Director/Screenplay – Ron Bonk, Producer – Howard Gromero, Photography – Jon Jones, Music – Emmett Van Slyke. Production Company – SRS Cinema LLC.
Wes Reid (Clay), Thomas Minion (Sam), Emma Koziara (Jessica), Peggy Bonesteel (Irene), Jim Peterman (Roger), Jennie Russo (Lisa), Gerrit Vanderwerff (David), Margaret Derbyshire (Jeanette)
In Syracuse, Clay has been raised by his father Sam who treats him with contempt. Sam tells Clay how he made him from clay and breathed life into him. Clay goes out into the streets where he plays a game where he will stalk and then kill anyone who brushes into him as he walks. At the same time, Sam begins to form a friendship with the neglected pre-teen neighbour Jessica.
Ron Bonk is a New York-based filmmaker and distributor. Bonk has been making films since the 1990s, which include the likes of The Vicious Sweet (1997), Strawberry Estates (2001), Ms. Cannibal Holocaust (2012), Empire State of the Dead (2016), She Kills (2016) and House Shark (2017). Bonk also runs the SRS Cinema label, specialising in the production and distribution of low-budget horror and exploitation films, including titles such as Inbred Redneck Alien Abduction (2004), Satan’s Cannibal Holocaust (2007), Terror at Blood Fart Lake (2009), Night of Something Strange (2016) and Sharks of the Corn (2021), along with numerous others.
Clay was Bonk’s sixth film as a director and one where he was clearly still improving his craft. (That is not meant as a criticism as Clay is by no means an uninteresting film). While most indie films run to about 90 minutes or less, this has a lengthy runtime of 134 minutes (just short of 2¼ hours). Bonk’s editing is slow and the film well in need of tightening – you suspect a better editor could have easily trimmed the film of 30 minutes or more. The camerawork looks non-professional. Bonk even attempts to use split screen effects early in the show – while a novel addition, it is a gimmick that feels like it needed better deployment.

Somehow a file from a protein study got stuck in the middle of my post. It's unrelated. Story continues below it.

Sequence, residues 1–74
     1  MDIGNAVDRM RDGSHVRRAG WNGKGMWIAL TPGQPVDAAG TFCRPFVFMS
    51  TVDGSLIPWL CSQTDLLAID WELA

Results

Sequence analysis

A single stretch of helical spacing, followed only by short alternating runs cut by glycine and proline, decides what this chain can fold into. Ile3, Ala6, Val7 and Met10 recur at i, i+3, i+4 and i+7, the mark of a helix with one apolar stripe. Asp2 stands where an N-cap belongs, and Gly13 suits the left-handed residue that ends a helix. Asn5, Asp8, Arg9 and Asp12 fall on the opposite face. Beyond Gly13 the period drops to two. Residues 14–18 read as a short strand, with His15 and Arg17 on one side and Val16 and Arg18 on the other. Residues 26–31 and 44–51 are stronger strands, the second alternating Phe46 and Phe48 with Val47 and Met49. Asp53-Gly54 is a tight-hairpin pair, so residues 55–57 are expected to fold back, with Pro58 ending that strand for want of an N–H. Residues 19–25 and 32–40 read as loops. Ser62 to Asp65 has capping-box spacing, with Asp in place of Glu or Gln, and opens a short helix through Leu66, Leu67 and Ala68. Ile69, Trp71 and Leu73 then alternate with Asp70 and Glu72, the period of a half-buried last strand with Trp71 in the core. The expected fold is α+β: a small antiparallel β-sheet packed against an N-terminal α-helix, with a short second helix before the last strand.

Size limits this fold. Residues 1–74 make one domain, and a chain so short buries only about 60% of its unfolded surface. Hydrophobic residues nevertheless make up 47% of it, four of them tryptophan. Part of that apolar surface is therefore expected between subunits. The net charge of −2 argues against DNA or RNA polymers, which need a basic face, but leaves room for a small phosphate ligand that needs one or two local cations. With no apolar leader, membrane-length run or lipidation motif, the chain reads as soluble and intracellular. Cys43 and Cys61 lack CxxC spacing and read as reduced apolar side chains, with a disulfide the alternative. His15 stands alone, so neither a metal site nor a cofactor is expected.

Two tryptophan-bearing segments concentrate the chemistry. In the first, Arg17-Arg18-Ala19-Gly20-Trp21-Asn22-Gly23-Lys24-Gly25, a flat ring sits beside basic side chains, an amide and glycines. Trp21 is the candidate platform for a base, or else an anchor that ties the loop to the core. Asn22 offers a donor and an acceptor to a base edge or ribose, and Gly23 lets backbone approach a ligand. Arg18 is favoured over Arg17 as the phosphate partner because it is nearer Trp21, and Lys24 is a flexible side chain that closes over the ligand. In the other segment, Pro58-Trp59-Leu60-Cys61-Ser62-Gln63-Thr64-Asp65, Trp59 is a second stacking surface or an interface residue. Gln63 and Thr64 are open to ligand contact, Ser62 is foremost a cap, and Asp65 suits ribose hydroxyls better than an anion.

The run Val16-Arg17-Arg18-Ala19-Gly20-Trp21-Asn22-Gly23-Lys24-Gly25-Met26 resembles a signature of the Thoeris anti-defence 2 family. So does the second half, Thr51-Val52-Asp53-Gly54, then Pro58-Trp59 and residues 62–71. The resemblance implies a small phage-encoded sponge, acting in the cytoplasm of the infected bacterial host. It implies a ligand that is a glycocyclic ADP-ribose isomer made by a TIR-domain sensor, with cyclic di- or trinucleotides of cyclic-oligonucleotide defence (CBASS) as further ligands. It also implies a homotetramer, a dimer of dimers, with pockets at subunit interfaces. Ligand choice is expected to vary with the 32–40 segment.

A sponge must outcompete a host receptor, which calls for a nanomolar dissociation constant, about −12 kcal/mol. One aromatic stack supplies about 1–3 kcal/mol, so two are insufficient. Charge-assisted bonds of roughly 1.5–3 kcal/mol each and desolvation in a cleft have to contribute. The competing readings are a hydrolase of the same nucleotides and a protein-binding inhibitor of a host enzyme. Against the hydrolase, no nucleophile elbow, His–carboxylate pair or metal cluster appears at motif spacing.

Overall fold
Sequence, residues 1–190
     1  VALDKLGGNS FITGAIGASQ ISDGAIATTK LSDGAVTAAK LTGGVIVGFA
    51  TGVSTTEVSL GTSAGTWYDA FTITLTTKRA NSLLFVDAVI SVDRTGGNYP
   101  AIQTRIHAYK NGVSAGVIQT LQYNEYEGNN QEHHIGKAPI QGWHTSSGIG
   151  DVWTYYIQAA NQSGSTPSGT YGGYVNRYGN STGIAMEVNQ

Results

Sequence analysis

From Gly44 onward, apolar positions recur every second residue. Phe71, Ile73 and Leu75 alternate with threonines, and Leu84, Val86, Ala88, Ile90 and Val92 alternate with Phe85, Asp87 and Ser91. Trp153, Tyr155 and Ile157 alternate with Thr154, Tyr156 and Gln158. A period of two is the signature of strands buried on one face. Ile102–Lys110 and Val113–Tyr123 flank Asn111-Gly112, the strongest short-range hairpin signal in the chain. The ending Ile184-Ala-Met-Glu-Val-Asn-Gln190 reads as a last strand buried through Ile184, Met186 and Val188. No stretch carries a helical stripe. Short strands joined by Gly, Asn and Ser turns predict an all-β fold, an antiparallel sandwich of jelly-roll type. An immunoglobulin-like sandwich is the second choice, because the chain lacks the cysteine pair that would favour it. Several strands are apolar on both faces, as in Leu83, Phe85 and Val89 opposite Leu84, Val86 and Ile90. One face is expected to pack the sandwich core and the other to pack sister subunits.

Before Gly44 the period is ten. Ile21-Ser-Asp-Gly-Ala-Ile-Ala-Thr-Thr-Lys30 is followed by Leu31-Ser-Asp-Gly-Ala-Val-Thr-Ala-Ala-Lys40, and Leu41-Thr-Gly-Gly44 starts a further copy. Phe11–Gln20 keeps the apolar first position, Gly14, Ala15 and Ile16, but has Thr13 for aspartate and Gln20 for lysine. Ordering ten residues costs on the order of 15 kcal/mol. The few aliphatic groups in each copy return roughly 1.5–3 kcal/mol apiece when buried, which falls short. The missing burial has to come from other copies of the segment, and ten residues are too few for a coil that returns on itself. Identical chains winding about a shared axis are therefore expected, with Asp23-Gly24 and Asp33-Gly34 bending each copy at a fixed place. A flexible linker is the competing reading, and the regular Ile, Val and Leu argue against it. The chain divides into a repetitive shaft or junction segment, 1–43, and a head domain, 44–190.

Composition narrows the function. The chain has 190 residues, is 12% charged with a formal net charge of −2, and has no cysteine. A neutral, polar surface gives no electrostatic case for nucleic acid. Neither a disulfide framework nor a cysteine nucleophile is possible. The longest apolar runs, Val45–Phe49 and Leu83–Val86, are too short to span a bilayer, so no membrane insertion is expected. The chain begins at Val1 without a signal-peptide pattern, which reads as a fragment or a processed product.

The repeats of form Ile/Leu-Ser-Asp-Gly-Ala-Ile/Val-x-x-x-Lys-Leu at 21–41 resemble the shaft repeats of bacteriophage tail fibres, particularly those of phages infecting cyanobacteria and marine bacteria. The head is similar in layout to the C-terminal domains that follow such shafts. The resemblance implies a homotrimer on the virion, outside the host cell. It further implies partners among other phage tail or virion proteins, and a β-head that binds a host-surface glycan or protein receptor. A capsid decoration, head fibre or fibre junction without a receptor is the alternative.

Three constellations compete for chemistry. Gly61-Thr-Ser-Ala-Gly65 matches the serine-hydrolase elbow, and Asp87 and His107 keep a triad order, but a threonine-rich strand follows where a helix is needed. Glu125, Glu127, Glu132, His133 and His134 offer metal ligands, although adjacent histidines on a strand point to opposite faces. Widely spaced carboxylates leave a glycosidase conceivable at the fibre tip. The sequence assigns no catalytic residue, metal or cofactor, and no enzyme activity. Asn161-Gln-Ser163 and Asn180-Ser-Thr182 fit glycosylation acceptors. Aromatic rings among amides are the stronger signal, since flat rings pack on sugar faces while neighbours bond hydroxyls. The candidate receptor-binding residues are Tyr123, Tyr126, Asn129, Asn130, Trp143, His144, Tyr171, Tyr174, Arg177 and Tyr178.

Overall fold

Wes Reid’s Clay is a textbook example of a Psycho or Serial Killer. We are introduced to his habit of randomly walking the streets and then targeting anybody who bumps into him. His first victim is a middle-aged woman where Bonk does the whole gratuitous shower scene thing and it is a surprise to see this happening with a middle-aged woman rather than the usual twentysomething model. The next set-up involves him targeting middle-aged Penny Bonesteel and dressing up in military uniform and glasses and pretending to be her dead son and being taken in.
This all comes in between scenes being harshly treated by father Thomas Minion who regards him as a mistake and tells him he was made of clay. We get scenes of Wes Reid trying to create his own lifelike figure of clay. Wes’s stalkings are also interspersed with scenes where his father Thomas Minion befriends young abandoned pre-teen neighbour girl Emma Koziara. She eventually decides she wants to marry him and later in the show he decides why not and in one of the film’s more disturbing scenes they share a kiss. There is nothing much else going on here. The film comes with a base interest but takes far too long in the telling.